Tuesday, February 26, 2008
The Blog Ghetto
As someone who began "blogging" just over a year ago, I don't really identify myself as a blogger in the way that most early adapters do. So I usually don't get too wrapped up in debates about the relative merits of blogging vs. reporting. But like Andrew Sullivan, I was surprised to see the NY Times write-up of Josh Marshall and TPM's Polk Award for their US Attorney coverage reference the "stigma" attached to blogging. Here's the quote:
"[H]e operates a long way from the cliched pajama-wearing, coffee-sipping commentator on the news."
Now, the fact that this sentence shows up in a NY Times article in February 2008 has so many layers of ridiculousness to it that it's hard to figure out which one to unravel first.
Ridiculous layer no. 1)
I mentioned that I just contracted a freelance editing gig working for a newspaper trade publication. It consists of sifting through content (from their blog, no less) and synthesizing it into coherent articles. I'd say that about half of the articles I end up with mention -- among the many ways that newspapers are scrambling to integrate new media into their content delivery models -- the proliferation of blogs springing up on newspaper online editions. I'm too lazy to check, but I'd bet dollars to donuts that the reporter who wrote the Times profile has got a blog, or else contributes to one, either on the Times site itself, or privately.
A good deal of the rest of the articles I end up with mention the newspaper industry's enthusiasm for citizen journalists, and their increasing experimentation with volunteer reporters. This is of course driven by the challenging revenue outlook and the demand for content. But the fact is, in the battle between the MSM model and the blog model now being waged in newsrooms worldwide, the blog model is carrying the day.
Ridiculous layer no. 2)
The idea that blogs are in some way a novel activity is absurd. Having opinions and expressing them is probably the second oldest profession known to humankind. (In all likelihood, it springs from the first.) That's why newspapers employ op-ed columnists. Now it's true that these are usually experienced reporters who have worked their way up the ranks through the obscure metrics that preceded the measurement of web traffic: accuracy, ability to maintain sources, reader popularity or responsiveness, invitations to popular talk shows, etc. In other words, they have accumulated a certain authority.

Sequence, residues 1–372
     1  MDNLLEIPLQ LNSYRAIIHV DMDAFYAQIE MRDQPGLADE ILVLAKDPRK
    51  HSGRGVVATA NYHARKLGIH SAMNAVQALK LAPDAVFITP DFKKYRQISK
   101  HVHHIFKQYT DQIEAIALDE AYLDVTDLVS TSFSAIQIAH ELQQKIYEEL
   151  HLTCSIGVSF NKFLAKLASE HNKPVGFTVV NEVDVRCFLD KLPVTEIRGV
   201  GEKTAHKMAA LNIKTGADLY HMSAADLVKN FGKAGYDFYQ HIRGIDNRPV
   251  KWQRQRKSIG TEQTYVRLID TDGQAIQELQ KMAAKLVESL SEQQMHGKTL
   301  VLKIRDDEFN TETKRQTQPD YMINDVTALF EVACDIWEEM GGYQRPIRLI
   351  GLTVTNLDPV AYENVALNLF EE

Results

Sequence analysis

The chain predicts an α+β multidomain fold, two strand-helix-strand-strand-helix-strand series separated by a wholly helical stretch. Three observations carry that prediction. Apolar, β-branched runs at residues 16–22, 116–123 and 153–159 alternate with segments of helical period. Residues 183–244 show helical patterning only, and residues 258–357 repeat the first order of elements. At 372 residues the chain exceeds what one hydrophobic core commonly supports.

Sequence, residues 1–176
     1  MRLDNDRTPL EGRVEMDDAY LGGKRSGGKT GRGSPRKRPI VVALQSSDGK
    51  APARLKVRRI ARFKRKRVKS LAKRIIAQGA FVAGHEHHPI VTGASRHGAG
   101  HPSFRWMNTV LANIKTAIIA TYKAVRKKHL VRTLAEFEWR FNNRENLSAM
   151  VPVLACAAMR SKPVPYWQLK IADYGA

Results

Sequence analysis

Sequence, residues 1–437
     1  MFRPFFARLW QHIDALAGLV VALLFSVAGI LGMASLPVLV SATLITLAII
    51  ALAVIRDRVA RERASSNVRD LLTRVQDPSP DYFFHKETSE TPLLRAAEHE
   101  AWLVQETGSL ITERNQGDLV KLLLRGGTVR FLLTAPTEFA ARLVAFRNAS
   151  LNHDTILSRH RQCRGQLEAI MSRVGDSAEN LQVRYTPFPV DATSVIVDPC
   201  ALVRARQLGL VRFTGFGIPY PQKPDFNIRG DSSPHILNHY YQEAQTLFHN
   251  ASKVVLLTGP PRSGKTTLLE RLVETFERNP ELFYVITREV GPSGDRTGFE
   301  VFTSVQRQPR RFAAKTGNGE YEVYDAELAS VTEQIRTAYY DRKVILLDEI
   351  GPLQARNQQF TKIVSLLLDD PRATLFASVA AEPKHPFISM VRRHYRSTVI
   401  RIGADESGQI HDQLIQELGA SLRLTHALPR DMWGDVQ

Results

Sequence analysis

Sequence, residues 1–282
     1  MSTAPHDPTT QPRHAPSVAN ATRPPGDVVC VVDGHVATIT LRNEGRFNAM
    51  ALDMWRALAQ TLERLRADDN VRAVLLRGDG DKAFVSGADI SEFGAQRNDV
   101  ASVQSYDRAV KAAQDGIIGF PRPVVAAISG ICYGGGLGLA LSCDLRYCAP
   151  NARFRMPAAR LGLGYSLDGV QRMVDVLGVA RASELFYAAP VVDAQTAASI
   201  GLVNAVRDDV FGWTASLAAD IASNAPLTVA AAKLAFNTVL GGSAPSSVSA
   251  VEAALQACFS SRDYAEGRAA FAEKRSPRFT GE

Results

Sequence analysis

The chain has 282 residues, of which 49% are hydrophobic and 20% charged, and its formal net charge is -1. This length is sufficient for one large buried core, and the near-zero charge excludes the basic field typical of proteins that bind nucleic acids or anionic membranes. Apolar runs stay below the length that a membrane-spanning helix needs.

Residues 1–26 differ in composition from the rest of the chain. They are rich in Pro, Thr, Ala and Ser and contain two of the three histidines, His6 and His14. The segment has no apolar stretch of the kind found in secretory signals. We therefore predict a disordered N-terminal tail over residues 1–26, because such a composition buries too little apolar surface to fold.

But at a certain point, these experienced journalists begin trafficking in opinions that far exceed not only their own limited expertise, but also any objective measure of the accuracy of what's being expressed. I'm thinking here of pronouncements on what America believes, or what's driving independent voters, and the like. At that point, there's little that differentiates them from the bloggers who engage them, other than the number of people who take their opinion seriously. And that's a metric that doesn't always work in the op-ed writer's favor.
Ridiculous layer no. 3)
If you compare the news media to a sports broadcast, reporters are the play-by-play announcers, op-ed writers are the color commentary, and bloggers are the folks sitting around the set watching the game. Now, as anyone whose ever watched a game with a group of friends knows, you don't do it in silence. You shout, cheer, make observations, and more often than not you tell the color announcer to shut his trap because he doesn't know what he's talking about. The power of the internet is that it got the folks sitting around watching the game into the broadcast booth, and suddenly the color man has to answer to more than just the TV critic of the local paper.
But even there, blogging is nothing new. It's talk radio, written down and hyperlinked, with a range (from Rush Limbaugh to Diane Reems) that's just as broad. So, really, it's time for reporters to get over it. Everybody else has.